June’s Cliffhanger Article

10 Jun
The recent bout of sustained cold weather (which is thankfully now over) caused great concern for the animal life in the village. I suspect many of the birds trying to raise their broods were really struggling to find enough food and some chicks could well have starved due to the lack of insects. Having said that from the number of birds mating around the village it looks like a second round of eggs are on their way!
The impact of the unseasonal weather got me thinking about the unintended effect we have on our local wild life. I have been talking to a number of people in the village who grew up here and are of a ‘certain age’. They made observations such as “We used to hear cuckoo’s every year – I haven’t heard any for a while”, “My father used to take me out to pick mushrooms – you just don’t see any anymore” and “There used to be so many wild flowers in the fields but they have all gone”.
If you walk around the footpaths, the fields appear to be heathy and they are if you need to grow grass for cattle, fodder etc but from a bird’s or butterfly’s perspective the fields are mostly deserts – the is nothing to eat! Farmers have had a very real need to, for example, fertilise grassland to improve growth rates etc to earn a living and we need to respect this. This does mean, however, that flowering plants in fields have almost disappeared as the grass out competes them as they need poor quality grassland to thrive.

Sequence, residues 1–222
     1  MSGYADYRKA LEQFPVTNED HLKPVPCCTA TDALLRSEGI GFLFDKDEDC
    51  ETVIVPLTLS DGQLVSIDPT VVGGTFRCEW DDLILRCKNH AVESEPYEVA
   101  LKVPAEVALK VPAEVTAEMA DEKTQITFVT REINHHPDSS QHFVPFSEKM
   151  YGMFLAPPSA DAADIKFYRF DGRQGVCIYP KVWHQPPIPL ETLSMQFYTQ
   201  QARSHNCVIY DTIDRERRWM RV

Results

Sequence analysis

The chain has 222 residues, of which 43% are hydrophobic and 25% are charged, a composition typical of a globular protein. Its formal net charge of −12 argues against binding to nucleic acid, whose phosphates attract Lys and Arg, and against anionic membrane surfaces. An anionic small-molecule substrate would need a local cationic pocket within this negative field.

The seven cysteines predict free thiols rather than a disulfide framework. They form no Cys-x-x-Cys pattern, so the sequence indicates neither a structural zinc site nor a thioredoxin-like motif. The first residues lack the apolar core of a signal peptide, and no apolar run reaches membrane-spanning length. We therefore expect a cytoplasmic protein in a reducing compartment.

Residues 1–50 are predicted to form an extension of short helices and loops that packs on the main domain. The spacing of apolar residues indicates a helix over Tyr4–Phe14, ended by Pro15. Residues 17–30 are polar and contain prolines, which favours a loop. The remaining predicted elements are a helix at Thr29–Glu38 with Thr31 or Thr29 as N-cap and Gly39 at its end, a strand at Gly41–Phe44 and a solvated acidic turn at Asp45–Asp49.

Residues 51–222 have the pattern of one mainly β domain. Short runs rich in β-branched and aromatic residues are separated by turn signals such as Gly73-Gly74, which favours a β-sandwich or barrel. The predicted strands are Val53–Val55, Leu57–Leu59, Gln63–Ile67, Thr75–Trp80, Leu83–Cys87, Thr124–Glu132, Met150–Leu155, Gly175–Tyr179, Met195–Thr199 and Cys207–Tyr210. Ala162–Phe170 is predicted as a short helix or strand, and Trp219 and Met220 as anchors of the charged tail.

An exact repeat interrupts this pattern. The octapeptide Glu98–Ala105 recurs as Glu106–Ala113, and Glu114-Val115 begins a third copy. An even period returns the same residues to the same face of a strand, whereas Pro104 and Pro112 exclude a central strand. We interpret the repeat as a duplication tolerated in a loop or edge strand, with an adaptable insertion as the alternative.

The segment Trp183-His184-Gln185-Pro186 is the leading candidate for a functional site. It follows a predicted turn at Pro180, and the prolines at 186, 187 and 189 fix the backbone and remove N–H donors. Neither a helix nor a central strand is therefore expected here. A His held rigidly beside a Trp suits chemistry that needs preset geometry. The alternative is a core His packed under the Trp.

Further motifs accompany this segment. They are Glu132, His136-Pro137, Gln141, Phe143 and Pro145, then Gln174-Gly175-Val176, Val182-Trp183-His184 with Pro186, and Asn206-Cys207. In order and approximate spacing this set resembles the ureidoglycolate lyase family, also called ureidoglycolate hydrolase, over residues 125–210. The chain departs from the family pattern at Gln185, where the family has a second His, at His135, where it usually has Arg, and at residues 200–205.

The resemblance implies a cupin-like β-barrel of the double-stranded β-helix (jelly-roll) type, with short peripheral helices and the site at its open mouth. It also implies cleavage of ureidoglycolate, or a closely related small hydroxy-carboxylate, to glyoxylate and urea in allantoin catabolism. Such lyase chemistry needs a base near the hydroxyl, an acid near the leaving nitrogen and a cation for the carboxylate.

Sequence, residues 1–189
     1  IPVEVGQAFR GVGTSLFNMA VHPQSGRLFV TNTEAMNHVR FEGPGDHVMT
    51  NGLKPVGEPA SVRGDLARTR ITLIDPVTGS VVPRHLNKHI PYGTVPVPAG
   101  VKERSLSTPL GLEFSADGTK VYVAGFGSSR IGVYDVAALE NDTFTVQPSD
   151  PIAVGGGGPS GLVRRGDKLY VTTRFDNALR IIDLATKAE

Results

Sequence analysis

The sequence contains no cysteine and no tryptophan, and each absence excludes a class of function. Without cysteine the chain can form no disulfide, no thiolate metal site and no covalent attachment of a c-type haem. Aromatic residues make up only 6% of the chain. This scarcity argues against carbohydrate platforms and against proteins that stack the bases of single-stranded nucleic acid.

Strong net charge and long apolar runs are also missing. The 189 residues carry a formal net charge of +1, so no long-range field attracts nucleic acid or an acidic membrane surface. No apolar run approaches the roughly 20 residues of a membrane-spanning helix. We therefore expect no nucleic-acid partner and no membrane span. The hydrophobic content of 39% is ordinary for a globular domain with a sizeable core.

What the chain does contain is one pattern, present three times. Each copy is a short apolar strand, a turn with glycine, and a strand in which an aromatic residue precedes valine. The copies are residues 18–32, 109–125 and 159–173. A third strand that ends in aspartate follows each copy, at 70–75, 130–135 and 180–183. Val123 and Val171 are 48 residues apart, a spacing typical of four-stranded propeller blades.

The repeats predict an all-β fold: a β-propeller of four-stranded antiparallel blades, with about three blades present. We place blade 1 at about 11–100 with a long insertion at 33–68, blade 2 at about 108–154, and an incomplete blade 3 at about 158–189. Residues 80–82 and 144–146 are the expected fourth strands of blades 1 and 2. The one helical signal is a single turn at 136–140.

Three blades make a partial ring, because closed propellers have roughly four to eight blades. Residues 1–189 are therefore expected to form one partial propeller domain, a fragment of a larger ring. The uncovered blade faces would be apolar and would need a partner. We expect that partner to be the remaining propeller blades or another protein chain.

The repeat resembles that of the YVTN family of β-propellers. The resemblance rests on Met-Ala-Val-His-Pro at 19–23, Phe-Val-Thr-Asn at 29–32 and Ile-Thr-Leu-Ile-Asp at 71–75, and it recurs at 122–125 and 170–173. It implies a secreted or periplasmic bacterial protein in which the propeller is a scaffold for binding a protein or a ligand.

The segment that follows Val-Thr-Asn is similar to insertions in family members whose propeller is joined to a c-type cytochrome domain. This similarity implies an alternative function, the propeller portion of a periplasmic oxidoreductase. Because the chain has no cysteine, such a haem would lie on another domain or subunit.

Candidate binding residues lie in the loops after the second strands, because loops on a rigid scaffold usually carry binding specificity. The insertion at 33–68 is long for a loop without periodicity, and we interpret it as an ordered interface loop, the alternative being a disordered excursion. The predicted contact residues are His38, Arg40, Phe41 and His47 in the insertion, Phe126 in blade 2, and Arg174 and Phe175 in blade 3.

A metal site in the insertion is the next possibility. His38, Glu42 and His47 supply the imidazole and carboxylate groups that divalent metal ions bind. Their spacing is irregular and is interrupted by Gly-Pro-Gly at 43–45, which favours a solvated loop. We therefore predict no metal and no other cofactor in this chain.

The consequences of this are, for example, a 50% reduction in the total number of birds in the last 50 years, a very sharp reduction in farmland birds such as Yellowhammers, some butterfly’s becoming locally or even nationally extinct, many meadow plants almost disappearing from around the village (when was the last time you saw a wild orchid?) and no cuckoo’s. These are all very real, local consequences from our demand for cheaper food.
There are some great examples around the village of farmers putting some land into ‘set aside’. I saw one patch of this last winter near Stanbridge with literally thousands of Goldfinches, Greenfinches etc. It was a stunning and very noisy spectacle.
We need to make more space for our local wildlife to thrive and if we provide the opportunity it’s amazing how quickly, maybe with a little help, plants, insects, reptiles and birds can bounce back. And it’s not realistic or fair to expect farmers to do everything – it’s in all of our interests to improve our environment. Wildlife needs ‘messy’ places to thrive and, with the pressure to increase yields, ‘messy’ gets tidied up.
I have a number of ideas which I will exploring with various people over the next few months but if you have any suggestions please do contact me on geoff_carss@hotmail.com or via my blog – sherstonwildlife.wordpress.com
And isn’t it great to have the House Martins, Swallows and Swifts back flying around the village.
Advertisements

Leave a Reply

Fill in your details below or click an icon to log in:

WordPress.com Logo

You are commenting using your WordPress.com account. Log Out / Change )

Twitter picture

You are commenting using your Twitter account. Log Out / Change )

Facebook photo

You are commenting using your Facebook account. Log Out / Change )

Google+ photo

You are commenting using your Google+ account. Log Out / Change )

Connecting to %s

%d bloggers like this: